About the Great Lakes

If you seek a pleasant peninsula, look about you. The Michigan state motto is a great reminder of two things Michiganders hold dear: the Great Lakes that literally shape our state and the beauty found within those peninsulas. The Great Lakes — Huron, Ontario, Michigan, Erie and Superior — make up the largest freshwater system on the planet.

The Lakes are connected through a system of canals and connecting waterways, such as the Detroit River and Lake St. Clair. Learn more about the flow of water, from Lake Superior to the St. Lawrence Seaway and the Atlantic Ocean.

Size, Length and Volume:

  • Total length of Great Lakes shoreline, including islands: 11,000 miles.
  • World’s supply of surface freshwater in the Great Lakes: 20 percent.
  • Combined surface area of all the Great Lakes: 94,000 square miles (244,000 square kilometers).
  • The surface area of the Lakes is larger than: Connecticut, Massachusetts, New Hampshire, New Jersey, New York, Rhode Island and Vermont combined.
  • Gallons of fresh water: 6 quadrillion (22.7 quadrillion liters). Enough to submerge the entire continental United States in nearly 10 feet of water.

Key Facts:

  • Approximately 34 million people in the United States and Canada live in the Great Lakes basin — 8 percent of the U.S. population and about 32 percent of Canada’s population.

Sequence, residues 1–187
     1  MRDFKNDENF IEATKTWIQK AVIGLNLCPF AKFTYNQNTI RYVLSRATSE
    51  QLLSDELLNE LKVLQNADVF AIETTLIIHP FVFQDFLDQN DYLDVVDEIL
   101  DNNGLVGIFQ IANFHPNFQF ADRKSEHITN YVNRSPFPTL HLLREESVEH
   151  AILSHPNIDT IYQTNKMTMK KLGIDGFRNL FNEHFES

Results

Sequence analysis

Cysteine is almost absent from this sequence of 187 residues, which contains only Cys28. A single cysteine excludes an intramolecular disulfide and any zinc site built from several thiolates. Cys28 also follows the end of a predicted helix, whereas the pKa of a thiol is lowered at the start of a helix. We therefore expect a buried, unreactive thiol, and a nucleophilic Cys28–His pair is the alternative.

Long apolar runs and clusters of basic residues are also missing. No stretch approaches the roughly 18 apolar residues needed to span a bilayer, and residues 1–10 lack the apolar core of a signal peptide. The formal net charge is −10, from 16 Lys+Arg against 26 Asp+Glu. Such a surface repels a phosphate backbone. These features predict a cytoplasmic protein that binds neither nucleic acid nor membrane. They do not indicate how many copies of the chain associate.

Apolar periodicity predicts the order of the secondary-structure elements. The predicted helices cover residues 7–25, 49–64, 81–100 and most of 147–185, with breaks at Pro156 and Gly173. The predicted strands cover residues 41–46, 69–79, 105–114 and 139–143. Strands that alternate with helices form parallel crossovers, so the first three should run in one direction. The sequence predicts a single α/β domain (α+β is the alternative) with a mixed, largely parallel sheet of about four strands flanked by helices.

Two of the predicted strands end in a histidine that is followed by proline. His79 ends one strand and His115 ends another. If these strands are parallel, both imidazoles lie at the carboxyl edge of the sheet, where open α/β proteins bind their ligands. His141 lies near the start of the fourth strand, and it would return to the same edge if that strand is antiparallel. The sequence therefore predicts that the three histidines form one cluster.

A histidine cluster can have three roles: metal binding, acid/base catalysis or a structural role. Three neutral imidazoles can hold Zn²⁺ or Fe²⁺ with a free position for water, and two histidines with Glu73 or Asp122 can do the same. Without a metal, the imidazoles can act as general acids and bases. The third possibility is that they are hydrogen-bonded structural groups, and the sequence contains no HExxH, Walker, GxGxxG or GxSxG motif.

• More than 3,500 species of plants and animals live in the Great Lakes basin including 170-plus species of fish.
  • The Great Lakes are among the world’s 15 largest lakes.
  • A geologically young system compared to the world’s oceans, the Great Lakes began to take their present shape about 10,000 years ago.

Michigan’s Watersheds

Watersheds are often referred to as drainage or catchment basins and are defined as the land area that drains – or sheds – water to a particular river, stream or body of water. Watershed boundaries are determined by high points in the landscape. In Michigan, virtually all watersheds eventually drain into one of the Great Lakes. What we do on the land can have a profound effect on our water systems. Learn more about watersheds, figure out which watershed you live in and gain an understanding of how water flows and drains throughout the state. See: Michigan Watersheds Map